Father Ubel has not only noticed their efforts, but stepped up to the plate to support them.
“I thought to myself, (Catholic) schools are hitting it out of the park,” he said. “And, I thought, it’s time to give something back.”
He has more than 2,000 cards, but will focus on the most valuable — about 50 — at the auction. Two big sellers are expected to be a 1948 Jackie Robinson rookie card and a 1954 Hank Aaron rookie card. Father Ubel said the Robinson card is worth more than $15,000 and the Aaron card about $6,000, although the latter figure is continuing to climb since the slugger’s death Jan. 22. Nicknamed “Hammerin’ Hank,” Aaron played for 23 seasons and set the all-time home run record with 755 career round-trippers.
Robinson was known for breaking the color barrier in becoming the first African American player in the Major Leagues (in 1947 with the Brooklyn Dodgers). Father Ubel especially cherishes the card for that reason, and notes that Aaron, likewise, faced racial discrimination, most notably while chasing Babe Ruth’s record of 714 home runs, which had stood for nearly four decades and was thought impossible to break. But, break it Aaron did April 8, 1974, on his home field in Atlanta against the Los Angeles Dodgers. There were baseball fans who did not want a Black player breaking Babe Ruth’s home run record, which had become sacred. That fateful night in Atlanta created controversy.
“I watched that game,” recalled Father Ubel, who was 10 years old at the time. “I remember it very well. I’m glad that he hit it in the fourth inning because I probably would have had to get to bed if it was much later than that. And, to think that he had death threats and people leaving (hateful) messages.”
Father Ubel first started collecting cards in 1970 while in the first grade at Visitation School in Mendota Heights. He bought most of his cards between 1970 and 1974. After transferring to St. Thomas Academy in Mendota Heights, his interest waned. The cards were stored in a Girl Scout cookie box in the attic of his home for a number of years before he eventually retrieved them and started taking them wherever he went. He later “acquired” his brother’s football card collection, which is why he has Terry Bradshaw (Pittsburgh Steelers) and Joe Namath (New York Jets) cards, both of which will be sold at the auction.
After graduating from St. Thomas Academy in 1981, Father Ubel, 57, went on to St. John Vianney College Seminary at the University of St. Thomas in St. Paul, and, eventually, the St. Paul Seminary, as he followed his call to the priesthood. He was ordained in 1989 and made stops to different assignments with the cards still stored in the same cardboard box. He added the Aaron card in 2009 and the Robinson card in 2010, as he chose to step up his interest in collecting. He eventually placed his most valuable cards in plastic sleeves, and they are in mint condition today.
The reason he fell in love with baseball is simple.
“It’s the only sport I ever really played,” he said. “I like to joke that my claim to fame is we won the city championship at Nativity in ’77. I sat on the bench, but I coached first base and nobody got picked off whenever I was coaching first base.”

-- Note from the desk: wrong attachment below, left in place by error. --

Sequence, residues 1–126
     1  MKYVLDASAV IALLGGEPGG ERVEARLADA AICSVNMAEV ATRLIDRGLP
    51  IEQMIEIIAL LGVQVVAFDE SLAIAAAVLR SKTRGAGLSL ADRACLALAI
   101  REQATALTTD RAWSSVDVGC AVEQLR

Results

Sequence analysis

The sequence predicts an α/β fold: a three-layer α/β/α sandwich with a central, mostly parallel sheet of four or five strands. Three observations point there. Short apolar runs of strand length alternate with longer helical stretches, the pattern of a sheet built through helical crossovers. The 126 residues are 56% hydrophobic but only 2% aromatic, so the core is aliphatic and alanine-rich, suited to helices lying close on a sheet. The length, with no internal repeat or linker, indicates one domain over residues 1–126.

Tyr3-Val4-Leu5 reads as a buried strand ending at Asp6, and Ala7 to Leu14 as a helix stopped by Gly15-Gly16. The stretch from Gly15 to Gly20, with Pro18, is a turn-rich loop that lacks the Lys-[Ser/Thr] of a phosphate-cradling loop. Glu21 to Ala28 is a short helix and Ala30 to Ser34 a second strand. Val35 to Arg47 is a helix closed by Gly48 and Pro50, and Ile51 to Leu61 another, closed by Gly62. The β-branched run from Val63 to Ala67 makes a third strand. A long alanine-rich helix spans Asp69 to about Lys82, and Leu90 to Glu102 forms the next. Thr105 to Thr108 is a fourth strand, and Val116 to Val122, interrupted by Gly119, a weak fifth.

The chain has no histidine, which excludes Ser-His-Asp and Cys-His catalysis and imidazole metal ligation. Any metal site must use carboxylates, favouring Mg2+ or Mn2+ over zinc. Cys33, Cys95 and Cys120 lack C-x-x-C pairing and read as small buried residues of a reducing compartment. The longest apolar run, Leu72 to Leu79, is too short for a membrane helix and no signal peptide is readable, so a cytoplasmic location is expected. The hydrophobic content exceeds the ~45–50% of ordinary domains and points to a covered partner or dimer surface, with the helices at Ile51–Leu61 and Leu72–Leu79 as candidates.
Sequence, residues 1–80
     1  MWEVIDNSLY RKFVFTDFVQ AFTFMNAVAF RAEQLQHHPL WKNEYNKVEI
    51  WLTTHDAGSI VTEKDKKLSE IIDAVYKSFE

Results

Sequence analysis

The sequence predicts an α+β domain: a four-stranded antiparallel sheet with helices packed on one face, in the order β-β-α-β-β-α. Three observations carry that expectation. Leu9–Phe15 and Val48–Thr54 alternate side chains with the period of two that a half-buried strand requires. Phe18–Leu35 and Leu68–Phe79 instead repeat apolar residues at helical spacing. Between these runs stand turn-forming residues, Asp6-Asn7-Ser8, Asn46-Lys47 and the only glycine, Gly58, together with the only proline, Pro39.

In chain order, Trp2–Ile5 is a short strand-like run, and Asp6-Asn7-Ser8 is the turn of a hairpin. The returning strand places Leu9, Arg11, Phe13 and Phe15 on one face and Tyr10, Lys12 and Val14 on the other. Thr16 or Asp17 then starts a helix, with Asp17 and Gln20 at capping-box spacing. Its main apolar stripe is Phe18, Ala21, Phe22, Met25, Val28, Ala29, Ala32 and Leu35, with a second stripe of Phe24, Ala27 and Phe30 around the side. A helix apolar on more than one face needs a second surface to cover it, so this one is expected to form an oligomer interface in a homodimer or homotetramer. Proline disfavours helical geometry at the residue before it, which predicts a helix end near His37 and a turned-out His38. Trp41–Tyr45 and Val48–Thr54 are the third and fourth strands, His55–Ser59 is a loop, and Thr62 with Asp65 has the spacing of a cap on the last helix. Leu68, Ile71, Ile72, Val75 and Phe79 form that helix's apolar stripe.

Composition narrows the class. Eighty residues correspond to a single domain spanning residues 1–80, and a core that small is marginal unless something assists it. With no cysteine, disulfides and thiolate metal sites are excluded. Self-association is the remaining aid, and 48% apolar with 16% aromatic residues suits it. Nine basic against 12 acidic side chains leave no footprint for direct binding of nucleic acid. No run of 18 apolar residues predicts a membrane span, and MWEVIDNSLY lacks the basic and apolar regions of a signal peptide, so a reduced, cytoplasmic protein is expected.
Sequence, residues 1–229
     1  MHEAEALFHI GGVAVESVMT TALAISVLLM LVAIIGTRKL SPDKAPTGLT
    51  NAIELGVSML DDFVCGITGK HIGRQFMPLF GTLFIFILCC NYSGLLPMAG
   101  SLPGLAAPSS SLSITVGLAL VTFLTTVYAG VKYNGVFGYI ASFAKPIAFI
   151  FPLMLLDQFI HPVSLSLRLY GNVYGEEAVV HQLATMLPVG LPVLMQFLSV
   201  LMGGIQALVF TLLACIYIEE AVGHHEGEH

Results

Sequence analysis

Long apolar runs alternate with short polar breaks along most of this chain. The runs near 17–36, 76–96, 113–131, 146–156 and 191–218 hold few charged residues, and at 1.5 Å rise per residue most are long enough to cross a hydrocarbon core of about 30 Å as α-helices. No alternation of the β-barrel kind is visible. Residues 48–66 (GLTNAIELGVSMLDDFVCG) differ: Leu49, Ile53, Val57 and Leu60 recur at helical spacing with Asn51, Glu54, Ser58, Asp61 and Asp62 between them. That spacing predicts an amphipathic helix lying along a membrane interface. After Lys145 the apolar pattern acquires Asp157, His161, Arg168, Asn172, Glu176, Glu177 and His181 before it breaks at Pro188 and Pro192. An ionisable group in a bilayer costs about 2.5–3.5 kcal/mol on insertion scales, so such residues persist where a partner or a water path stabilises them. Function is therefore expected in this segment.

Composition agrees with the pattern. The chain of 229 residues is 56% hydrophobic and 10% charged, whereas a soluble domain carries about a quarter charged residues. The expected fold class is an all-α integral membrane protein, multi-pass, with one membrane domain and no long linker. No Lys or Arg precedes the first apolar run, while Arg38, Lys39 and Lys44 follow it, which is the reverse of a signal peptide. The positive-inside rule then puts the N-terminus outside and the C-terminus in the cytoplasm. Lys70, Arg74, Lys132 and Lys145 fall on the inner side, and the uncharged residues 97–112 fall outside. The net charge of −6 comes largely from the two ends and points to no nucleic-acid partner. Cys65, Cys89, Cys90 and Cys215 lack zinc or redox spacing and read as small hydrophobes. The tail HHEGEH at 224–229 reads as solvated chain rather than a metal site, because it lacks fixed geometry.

The reason he fell in love with baseball cards is equally simple.
“This is nostalgia, and it brings you right back,” he said. “I can look at this Nolan Ryan (Hall of Fame pitcher) card and remember watching (him play). He’s the first one I remember (throwing a) 100-mile-an-hour fastball. … And, I’ve got his card. So, there’s something about nostalgia and memory. And, I think memory is very powerful, and memory is very compelling. It brings us back to a simpler time.”
In a matter of seconds, as Father Ubel peruses his cards, he is transported back to the days when the Twins played at Metropolitan Stadium in Bloomington, which was torn down in 1985 and replaced with the Mall of America in 1992.
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“These are my heroes,” he said of Twins players from that era. “I remember I was in eighth grade when Rod Carew was chasing .400 (batting average). He hit .388 in 1977. That whole summer, I was listening to (Twins games on) WCCO Radio every day. Back then, they didn’t have the games on TV all the time. You had to go to the radio. … Listening to a game on the radio forced you to have a mental image. It helped with your imagination. It was a simpler time.”
For sentimental reasons, it would be understandable for Father Ubel to want to keep his collection. He does admit there’s a tug on his heart to do so, which creates tension surrounding his decision to let go.
“On a human level, I don’t want to part with these,” he said, “but I also think there are other needs right now that in my life are more important. And, the benefit I received from a Catholic education is really immeasurable to me — my whole life, from kindergarten all the way through seminary and beyond. And, to me, it’s time (to sell the cards). I just felt the Lord speaking to me. You know, Matthew 19 (verse 21): ‘Go, sell what you have.’ It’s time. It’s time to do something and to give back.”
For more information on the auction, visit aimhigherfoundation.org.
This story originally appeared in The Catholic Spirit, newspaper of the Archdiocese of St. Paul and Minneapolis. Republished here with permission.